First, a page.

I had an article in The Globe and Mail a couple of weeks ago about the education system. What it said was that the Canadian university admissions process which looks singularly at numerical marks and grades when awarding admissions and scholarships, ignoring extracurricular activities, writing ability; factors that I feel contribute to how well rounded the student is and which better indicate whether the student will be successful at University.

I looked at the campus environment among the top U.S. universities, having five or six thousand students on a campus living together eating together, doing the same activities, getting involved.

Compare that to University of Toronto, which has a freshman class of 7,000 and classes in which people who can't even be in the same building as the person speaking.

I looked at the perceived difference in quality of academics, I say perceived, because I haven't been to either University yet, so I don't know whether Canadian academics in the top schools are better than those in the top American schools.

The article about education received a lot of attention in the letters to the editor section. And most of it was from Canadian academics all over the country. Most of the letters were vindictive.

For instance, one wrote: "I hope the Canadian Government irrevocably revokes his citizenship while he's away at Yale".

If this is sort of the response to one opinion of where the Canadian education system is heading, responses from Canadian academics, I think they speak for themselves.

You don't go after the person who's writing with personal comments, you go after what he's saying.

I'd like to talk just for a minute about political correctness which is, even though it is not an issue for most youth, it's more of a mentality among them.

And I think its a disturbing trend, because they claim tolerance and equality. But for a lot of my friends, at least at Northern Secondary School, equality was sort of a twisted phrase. It means allowing opinions which are different from you own to be expressed, to be aired and to be listened to and to be discussed. And that includes giving people the right to be what you consider racist or sexist or homophonic.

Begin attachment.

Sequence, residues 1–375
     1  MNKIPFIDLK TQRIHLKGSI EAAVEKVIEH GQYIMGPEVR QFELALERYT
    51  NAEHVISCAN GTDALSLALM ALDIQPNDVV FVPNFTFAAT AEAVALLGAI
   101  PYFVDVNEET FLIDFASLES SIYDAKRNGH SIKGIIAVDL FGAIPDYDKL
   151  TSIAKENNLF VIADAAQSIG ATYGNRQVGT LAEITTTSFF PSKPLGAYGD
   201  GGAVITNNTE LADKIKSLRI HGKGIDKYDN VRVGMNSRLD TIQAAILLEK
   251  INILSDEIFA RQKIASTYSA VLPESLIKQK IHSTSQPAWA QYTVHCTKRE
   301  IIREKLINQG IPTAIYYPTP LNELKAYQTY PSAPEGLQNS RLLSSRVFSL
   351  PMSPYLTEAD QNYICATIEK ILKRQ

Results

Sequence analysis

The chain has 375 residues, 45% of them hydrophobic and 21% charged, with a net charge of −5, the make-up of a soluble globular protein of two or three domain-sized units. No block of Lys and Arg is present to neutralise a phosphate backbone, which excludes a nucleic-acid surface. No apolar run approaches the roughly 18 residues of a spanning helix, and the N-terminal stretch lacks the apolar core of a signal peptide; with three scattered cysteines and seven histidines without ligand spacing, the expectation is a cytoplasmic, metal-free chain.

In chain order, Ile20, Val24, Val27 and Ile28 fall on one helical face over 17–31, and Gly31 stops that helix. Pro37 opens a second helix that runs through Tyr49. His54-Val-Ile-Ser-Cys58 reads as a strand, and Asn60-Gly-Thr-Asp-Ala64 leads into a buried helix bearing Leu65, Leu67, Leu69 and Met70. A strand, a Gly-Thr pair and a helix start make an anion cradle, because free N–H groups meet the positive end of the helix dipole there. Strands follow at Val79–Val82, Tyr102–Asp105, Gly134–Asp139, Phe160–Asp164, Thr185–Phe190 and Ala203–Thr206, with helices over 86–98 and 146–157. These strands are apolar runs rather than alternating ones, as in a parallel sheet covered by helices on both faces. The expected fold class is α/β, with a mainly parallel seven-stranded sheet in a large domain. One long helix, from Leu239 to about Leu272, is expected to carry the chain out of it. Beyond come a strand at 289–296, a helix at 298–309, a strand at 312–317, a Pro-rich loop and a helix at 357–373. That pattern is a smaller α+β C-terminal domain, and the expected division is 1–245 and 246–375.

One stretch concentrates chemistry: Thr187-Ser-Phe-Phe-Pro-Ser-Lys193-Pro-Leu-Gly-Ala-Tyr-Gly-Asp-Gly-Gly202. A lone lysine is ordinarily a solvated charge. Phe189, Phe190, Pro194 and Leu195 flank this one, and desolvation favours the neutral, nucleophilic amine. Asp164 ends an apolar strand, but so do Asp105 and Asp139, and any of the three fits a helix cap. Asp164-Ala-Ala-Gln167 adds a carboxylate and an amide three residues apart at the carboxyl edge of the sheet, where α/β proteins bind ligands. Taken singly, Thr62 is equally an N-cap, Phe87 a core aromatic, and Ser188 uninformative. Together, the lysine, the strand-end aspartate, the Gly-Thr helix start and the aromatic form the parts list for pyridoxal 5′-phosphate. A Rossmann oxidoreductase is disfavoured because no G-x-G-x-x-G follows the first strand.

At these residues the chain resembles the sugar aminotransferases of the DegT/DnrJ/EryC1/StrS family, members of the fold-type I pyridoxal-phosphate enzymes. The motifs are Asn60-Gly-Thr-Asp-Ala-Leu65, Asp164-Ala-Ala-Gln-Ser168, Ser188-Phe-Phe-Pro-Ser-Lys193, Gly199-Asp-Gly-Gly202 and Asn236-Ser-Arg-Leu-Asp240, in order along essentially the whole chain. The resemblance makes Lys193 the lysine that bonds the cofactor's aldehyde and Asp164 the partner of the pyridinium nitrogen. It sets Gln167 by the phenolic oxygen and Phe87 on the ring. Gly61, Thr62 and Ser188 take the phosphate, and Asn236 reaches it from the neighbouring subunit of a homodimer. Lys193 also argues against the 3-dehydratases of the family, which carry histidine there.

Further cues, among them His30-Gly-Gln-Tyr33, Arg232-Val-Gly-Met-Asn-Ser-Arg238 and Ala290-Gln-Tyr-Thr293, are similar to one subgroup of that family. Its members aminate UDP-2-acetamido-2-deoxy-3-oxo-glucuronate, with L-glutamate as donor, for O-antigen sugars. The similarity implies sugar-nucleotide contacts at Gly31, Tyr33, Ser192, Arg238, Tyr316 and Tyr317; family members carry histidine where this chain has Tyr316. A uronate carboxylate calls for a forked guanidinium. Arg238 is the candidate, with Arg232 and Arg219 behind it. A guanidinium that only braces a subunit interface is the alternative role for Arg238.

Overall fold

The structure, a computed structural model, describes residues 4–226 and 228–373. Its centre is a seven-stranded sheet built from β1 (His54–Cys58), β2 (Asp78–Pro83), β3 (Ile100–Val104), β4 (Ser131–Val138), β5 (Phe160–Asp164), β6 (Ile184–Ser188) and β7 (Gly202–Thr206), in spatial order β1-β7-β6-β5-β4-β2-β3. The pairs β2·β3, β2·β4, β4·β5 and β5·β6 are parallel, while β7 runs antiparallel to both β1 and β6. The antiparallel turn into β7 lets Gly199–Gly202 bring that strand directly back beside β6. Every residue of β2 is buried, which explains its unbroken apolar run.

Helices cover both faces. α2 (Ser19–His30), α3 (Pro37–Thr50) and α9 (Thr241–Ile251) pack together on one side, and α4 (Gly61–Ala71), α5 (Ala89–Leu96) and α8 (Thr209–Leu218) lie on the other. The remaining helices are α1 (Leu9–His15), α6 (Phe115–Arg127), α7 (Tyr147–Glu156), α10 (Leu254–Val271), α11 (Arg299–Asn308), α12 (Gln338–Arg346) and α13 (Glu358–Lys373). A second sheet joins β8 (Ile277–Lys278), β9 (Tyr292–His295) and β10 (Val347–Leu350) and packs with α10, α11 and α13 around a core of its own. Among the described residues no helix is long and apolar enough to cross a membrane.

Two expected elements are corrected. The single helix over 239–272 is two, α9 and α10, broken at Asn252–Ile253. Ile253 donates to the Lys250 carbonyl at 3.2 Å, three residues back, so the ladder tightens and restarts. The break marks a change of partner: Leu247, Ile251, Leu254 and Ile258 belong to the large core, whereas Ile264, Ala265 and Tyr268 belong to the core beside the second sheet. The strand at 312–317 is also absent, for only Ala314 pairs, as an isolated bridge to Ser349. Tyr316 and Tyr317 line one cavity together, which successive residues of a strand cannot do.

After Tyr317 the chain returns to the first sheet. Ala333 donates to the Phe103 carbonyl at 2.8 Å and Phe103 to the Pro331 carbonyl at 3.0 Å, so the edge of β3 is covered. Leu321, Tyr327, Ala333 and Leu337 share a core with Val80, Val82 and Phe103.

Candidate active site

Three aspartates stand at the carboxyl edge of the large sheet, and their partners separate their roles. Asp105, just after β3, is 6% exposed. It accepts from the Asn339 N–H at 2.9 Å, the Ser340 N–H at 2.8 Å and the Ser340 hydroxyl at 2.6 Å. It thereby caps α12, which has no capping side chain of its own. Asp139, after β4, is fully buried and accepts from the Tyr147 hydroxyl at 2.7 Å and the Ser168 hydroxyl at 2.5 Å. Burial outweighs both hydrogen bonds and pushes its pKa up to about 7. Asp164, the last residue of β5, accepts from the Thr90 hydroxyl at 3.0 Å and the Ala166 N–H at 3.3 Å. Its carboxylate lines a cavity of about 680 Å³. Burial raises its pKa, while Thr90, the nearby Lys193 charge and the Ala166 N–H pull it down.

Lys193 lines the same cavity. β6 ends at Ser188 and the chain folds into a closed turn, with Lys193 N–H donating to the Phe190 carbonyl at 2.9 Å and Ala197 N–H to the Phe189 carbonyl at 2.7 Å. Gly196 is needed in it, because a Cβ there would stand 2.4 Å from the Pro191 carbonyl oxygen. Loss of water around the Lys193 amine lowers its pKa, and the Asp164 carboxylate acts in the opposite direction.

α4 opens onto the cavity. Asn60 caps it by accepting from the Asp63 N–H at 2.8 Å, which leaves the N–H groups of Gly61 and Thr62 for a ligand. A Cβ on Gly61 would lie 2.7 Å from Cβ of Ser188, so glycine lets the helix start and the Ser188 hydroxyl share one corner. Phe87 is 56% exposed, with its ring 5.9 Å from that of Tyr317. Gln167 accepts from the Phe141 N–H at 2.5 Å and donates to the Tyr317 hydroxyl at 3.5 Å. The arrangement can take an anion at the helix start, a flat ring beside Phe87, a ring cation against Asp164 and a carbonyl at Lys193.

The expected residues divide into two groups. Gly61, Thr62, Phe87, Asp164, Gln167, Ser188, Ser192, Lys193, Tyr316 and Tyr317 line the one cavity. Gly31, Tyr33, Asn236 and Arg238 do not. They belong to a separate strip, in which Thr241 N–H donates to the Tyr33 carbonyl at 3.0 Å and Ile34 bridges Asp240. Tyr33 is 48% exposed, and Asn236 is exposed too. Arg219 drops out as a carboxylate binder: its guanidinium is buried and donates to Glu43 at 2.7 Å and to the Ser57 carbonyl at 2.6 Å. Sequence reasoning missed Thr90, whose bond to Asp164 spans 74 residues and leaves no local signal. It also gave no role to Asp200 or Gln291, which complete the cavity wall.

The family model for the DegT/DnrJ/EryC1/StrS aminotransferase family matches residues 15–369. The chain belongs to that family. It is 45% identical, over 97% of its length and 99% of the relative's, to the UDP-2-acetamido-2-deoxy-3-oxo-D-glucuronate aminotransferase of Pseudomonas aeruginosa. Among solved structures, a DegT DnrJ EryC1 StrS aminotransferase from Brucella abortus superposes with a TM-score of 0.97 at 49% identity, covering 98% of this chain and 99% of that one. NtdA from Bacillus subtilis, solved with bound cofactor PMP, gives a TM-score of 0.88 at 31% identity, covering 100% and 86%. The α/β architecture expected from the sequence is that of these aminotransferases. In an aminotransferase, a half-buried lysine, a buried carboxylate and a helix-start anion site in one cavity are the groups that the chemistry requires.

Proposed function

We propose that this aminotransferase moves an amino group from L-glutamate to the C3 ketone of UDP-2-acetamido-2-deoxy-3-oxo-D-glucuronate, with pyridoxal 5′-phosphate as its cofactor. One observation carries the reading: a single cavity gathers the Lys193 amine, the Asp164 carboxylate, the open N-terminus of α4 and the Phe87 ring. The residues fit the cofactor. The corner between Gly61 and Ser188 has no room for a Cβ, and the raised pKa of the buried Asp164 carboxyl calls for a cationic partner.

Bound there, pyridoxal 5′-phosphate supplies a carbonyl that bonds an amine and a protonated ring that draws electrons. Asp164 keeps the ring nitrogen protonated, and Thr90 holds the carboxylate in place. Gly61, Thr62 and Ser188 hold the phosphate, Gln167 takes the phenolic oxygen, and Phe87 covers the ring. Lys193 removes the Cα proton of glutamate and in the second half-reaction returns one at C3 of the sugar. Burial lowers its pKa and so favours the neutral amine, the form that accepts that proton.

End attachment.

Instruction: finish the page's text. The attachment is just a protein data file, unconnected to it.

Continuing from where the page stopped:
Now, with the politically correct, the so-called thought police in the media, seem to be doing is not allowing these opinions to be aired through the media. If I hear someone who's racist I'll tell them, 'look I think your being racist'. But, I will not deny them their right to be so. Its when they start acting on it, that is when we should become concerned. The politically correct, however, feel these people don't deserve the same protection under the Charter of Rights under Freedom of Speech and Expression that they themselves want.

They are saying, 'we're right, you're not right; therefore, your opinions don't deserve to be heard'. I think that is so self righteous. Let's be honest, most of my friends don't worry much about drugs, suicide, the cops or even how they are portrayed in the media.

The middle class youth of today is concerned with the same things middle class youth has always been concerned about. Can I still get tickets for the concert, does she want to go out with me, what's on TV tomorrow, and the most important thing that's heard around my school, where is the party tonight.

I'm not chastising today's youth for apathy, for not caring about important issues. I doubt its really any different than its been in any other generation, including the 1960s. There are always those who will be activists, there will always be those who are apathetic.

To those who worry about today's middle and upper class youth being ready to lead us into the next millennium, I say, don't worry. The leaders of tomorrow will just naturally be ready to lead when their time comes.